“Good coordination between the various agencies is really key to providing an effective response,” he said. “They ought to sit down with the schools in their area once a quarter or twice a year. … It does need to be more than just a single meeting, because things change.”
Gregory A. Thomas, the deputy director of planning and response at the National Center for Disaster Preparedness, based at Columbia University, said a school is often the safest place for students to be in an emergency.
He noted that homes are rarely better constructed than schools to withstand severe weather.
“Schools have multiple telephones, a lot of adults in the building, a nurse in the building, food and other sustenance that can keep a child safe and out of harm’s way,” said Mr. Thomas, who was the director of school security for the New York City schools during the 2001 attack on the World Trade Center. “I know personally, a school is a safe haven.”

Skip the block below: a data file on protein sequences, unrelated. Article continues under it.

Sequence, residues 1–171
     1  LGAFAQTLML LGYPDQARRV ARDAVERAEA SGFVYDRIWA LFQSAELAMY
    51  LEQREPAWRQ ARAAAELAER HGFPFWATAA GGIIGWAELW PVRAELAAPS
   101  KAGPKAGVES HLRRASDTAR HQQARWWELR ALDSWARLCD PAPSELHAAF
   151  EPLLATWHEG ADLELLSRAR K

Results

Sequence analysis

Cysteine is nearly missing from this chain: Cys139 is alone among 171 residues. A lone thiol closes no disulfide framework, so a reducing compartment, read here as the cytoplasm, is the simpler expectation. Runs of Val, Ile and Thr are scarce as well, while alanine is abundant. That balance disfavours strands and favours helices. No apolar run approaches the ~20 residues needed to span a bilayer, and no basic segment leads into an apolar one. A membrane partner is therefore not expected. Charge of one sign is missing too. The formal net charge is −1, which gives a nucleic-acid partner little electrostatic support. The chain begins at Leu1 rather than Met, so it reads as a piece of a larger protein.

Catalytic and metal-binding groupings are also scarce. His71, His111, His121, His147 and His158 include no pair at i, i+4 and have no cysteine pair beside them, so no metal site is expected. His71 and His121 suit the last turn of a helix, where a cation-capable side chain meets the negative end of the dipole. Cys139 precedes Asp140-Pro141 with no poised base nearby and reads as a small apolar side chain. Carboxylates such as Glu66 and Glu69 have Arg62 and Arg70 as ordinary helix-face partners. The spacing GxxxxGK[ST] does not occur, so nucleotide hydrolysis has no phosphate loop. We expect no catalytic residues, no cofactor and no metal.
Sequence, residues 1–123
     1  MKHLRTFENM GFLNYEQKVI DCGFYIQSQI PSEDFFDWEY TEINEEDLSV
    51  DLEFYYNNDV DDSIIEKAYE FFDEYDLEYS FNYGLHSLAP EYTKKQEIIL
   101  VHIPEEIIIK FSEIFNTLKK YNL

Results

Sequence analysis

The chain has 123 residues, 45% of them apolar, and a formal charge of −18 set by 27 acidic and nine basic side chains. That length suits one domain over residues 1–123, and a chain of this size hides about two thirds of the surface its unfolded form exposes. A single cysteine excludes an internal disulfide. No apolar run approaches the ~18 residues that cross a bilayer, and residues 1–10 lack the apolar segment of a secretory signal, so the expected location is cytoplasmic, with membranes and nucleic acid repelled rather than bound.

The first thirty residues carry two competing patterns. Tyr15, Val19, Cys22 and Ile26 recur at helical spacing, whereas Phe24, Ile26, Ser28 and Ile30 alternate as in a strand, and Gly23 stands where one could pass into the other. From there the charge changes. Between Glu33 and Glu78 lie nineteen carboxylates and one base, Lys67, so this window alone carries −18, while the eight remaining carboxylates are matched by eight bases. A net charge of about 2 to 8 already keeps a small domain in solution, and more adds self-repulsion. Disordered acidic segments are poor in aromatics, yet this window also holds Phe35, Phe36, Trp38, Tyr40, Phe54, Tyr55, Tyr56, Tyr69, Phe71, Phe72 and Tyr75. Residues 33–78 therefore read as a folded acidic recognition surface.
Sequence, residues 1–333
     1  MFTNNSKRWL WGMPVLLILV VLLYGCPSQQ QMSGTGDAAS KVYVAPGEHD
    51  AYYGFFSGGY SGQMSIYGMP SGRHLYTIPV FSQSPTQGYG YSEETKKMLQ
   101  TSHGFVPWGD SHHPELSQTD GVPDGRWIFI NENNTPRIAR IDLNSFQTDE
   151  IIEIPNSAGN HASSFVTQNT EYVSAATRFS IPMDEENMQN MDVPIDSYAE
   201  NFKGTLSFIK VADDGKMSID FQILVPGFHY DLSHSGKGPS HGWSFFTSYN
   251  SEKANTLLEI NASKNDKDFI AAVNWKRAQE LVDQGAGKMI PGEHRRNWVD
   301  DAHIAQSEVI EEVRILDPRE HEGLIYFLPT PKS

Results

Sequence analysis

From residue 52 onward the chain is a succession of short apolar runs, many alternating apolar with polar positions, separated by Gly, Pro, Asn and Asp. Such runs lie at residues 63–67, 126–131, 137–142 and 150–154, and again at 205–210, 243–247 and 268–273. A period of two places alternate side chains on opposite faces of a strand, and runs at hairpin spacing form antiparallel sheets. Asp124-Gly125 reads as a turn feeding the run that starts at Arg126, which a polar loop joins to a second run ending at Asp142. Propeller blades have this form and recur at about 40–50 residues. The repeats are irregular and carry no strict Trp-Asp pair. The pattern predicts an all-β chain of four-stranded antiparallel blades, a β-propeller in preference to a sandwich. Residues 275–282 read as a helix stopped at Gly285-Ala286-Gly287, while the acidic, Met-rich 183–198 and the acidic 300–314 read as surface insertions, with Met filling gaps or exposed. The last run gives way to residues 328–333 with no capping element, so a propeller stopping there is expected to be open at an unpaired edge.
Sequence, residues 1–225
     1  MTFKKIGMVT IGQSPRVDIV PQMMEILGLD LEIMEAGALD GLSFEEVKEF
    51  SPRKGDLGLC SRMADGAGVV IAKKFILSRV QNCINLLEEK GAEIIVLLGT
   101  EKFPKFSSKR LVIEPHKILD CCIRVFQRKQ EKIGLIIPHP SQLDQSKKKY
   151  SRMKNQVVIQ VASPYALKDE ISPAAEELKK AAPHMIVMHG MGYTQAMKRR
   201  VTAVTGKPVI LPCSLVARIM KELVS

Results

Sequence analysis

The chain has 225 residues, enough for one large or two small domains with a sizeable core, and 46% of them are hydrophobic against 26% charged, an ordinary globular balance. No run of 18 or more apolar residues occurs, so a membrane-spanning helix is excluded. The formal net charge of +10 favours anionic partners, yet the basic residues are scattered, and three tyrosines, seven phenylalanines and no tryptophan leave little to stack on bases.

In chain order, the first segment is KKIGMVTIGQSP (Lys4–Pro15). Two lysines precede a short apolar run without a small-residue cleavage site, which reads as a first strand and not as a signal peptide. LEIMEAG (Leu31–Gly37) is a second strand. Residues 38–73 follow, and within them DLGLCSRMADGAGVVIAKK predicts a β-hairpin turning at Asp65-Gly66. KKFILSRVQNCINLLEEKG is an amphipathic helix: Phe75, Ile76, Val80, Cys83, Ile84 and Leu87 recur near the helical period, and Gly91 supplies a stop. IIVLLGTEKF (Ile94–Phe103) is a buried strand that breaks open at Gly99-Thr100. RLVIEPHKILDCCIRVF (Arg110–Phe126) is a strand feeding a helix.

Some school officials in tornado-prone areas are taking extra steps. For instance, the 50,000-student school district in Wichita, Kan., now has “safe rooms” in about a third of its school buildings that are designed to withstand an F5 tornado, the most severe category.
“We have constructed 36 FEMA safe-room tornado shelters throughout our district,” said Julie A. Hedrick, the director of design and construction for the Wichita schools, at a cost of about $6 million. “They are shelters for high-wind events, and they actually meet a federal guideline that was prepared with a direct hit from an F5 tornado in mind.”